Casey Arsenault | Staff Writer | carsenault2@defenderadeleon
“You all must be here for the free samples,” joked Ari Kirshenbaum, St. Michael’s professor of psychology. Through Kirshenbaum’s research, he discovered that the effects of cannabis on a driver operating a vehicle is no laughing matter.
The McCarthy Arts Recital Hall was busy and lively, with over 40 attendees filling the auditorium for Kirshenbaum’s presentation of “Weed and the Wheel.” Among many notable awards and publications, he also receives funding from the National Health and Science Foundations for his research.
Throughout his presentation, Kirshenbaum explained how cannabis affects people, especially when driving cars. He also discussed the decriminalization of cannabis in Vermont, as recreational dispensaries in Vermont opened in the state on Oct. 1.
Kirshenbaum quotes the actor Bill Murray’s famous quote on the decriminalization of the drug, “I find it quite ironic that the most dangerous thing about weed is getting caught with it.” He noted that critical thinking is crucial when encountering quotes like these. Cannabis is dangerous, but there are legal drugs that are far more harmful. What Kirshenbaum believes is that there is a lack of knowledge of the addictive nature of weed. “People don’t have an accurate understanding of the risks. Many people misunderstand the differences between fact and opinion when dealing with the effects of cannabis,” Kirshenbaum said. He hopes that one day “smoking and driving becomes as taboo as drinking and driving.”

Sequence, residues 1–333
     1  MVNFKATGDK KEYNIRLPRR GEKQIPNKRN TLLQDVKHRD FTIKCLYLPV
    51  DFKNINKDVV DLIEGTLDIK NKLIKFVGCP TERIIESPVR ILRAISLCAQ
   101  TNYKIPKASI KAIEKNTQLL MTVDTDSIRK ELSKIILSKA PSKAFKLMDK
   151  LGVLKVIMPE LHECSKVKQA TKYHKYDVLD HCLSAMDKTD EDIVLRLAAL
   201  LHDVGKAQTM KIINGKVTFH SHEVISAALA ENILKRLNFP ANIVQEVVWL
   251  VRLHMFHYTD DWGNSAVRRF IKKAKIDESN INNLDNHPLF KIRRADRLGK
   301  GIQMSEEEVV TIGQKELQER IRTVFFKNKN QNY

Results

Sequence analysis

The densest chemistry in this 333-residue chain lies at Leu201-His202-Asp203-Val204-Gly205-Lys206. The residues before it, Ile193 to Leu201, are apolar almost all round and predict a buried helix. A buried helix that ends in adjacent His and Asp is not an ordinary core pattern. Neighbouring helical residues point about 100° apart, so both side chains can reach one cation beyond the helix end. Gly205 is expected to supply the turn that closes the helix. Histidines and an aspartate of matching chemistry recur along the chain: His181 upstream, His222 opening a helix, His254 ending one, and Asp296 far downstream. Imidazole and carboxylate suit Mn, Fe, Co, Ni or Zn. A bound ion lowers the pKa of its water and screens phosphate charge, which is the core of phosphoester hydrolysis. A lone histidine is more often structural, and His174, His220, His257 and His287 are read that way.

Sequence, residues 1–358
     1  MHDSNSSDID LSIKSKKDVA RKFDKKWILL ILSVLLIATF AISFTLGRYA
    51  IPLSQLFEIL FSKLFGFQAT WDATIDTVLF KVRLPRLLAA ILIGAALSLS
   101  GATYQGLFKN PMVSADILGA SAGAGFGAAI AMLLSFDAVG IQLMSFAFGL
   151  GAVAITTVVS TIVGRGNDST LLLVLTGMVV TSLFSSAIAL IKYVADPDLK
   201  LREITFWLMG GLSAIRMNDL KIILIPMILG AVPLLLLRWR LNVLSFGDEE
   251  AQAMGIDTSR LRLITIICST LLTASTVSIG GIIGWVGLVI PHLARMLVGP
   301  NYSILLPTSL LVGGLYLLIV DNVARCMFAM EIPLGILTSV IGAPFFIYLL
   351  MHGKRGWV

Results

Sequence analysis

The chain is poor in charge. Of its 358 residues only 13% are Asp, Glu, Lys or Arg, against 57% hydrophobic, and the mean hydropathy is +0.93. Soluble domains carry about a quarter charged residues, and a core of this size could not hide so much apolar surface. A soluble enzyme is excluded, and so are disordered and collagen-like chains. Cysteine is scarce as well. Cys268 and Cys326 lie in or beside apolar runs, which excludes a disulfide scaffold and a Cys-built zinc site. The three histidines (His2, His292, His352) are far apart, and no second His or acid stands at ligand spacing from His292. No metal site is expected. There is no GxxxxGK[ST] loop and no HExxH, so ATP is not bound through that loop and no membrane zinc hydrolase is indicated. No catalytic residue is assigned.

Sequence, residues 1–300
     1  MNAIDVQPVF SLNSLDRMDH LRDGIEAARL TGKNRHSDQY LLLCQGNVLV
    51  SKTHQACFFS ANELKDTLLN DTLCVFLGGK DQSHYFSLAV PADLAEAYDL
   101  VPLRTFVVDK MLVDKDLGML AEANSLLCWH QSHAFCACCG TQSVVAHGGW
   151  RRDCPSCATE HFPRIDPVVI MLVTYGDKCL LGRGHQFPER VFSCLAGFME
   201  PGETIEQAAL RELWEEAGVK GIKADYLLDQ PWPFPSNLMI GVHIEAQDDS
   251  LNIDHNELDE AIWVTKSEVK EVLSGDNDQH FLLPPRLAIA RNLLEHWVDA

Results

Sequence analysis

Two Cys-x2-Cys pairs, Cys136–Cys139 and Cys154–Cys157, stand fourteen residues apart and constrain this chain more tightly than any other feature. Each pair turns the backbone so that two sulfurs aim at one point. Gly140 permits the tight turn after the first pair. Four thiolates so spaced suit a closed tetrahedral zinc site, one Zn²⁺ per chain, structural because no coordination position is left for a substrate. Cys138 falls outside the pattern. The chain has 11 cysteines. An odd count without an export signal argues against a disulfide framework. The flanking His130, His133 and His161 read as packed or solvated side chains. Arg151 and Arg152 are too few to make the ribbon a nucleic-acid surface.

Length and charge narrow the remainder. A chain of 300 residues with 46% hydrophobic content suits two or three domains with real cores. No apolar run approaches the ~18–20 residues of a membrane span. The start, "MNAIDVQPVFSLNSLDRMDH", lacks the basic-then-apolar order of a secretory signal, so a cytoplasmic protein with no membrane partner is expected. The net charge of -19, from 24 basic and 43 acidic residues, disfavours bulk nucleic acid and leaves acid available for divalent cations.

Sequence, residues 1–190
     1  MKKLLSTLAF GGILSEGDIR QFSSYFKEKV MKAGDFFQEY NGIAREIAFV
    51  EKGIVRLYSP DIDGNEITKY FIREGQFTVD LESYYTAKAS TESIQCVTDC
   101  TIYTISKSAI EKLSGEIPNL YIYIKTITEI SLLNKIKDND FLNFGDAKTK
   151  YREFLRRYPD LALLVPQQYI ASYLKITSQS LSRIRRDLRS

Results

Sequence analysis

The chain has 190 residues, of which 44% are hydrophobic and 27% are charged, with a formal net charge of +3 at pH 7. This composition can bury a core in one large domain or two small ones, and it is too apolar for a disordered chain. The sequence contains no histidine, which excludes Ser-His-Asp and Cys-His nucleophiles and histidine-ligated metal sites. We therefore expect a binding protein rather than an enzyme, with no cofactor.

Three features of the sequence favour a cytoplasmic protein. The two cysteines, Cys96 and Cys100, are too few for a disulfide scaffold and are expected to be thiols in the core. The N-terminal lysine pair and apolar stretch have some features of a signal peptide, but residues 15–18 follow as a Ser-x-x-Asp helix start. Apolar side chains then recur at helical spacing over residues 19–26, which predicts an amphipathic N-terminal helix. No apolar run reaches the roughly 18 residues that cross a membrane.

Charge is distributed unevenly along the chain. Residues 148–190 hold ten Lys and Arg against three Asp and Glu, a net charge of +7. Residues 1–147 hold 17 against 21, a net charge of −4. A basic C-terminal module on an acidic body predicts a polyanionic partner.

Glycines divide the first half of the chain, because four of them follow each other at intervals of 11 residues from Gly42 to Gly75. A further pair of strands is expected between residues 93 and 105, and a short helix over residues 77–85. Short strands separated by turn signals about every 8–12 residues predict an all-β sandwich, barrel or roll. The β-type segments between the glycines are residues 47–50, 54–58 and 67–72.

Kirshenbaum’s work focuses on the ability to detect if a driver is impaired after smoking weed. He created an app called Indicator. The app is a series of games, mainly reaction based, that determine how cannabis affects the user’s cognition.
The app is still a work in progress. “We are still in data collection mode, I just want to advertise that cannabis affects you differently than alcohol,” Kirshenbaum said. “People understand that they have been drinking, they need to wait a certain period of time to drive. They also understand that when they drink they’re gonna be slurring, losing balance and coordination. With cannabis we see different effects but, still, impairing effects.”
According to Kishenbaum’s studies on “subjective high” which encounters the question, “how high is the user?” Even for users who have a strong tolerance, it still takes a while for the effects of the high to wear off where it would be deemed safe for them to operate a vehicle.
“In this case, we’re seeing it takes two ¼ hours to four hours after using to become less intoxicated from THC,” Kirshenbaum said. THC activates a receptor in the brain which affects conscious cognition and behavior. There is a significant crash risk when cannabis is involved. The odds of getting into a crash when driving high are 6.6 times more likely than when driving sober. Kirshenbaum believes alcohol and opioids are far more dangerous than cannabis, but we should still be concerned about the effects. Kirshenbaum’s study shows that even heavy use of cannabis does not mean you have a stronger tolerance to intoxication which debunks the popular myth of being a safer “high driver” if you use cannabis often.
“I think it is important for students to learn how dangerous cannabis can be, especially when it comes to things like driving, and the interpretation of what you can and cannot do on the drug,” said psychology student Michael Hinson ’25. “ I do a lot of work with drugs and behavior. I work in a nicotine lab on campus. It’s important to get out and do presentations like this for students.”
To learn more about Kirshebaum’s work, visit the smcvt.edu staff directory, indicator.app, or search Indicator in the App Store or Google Play.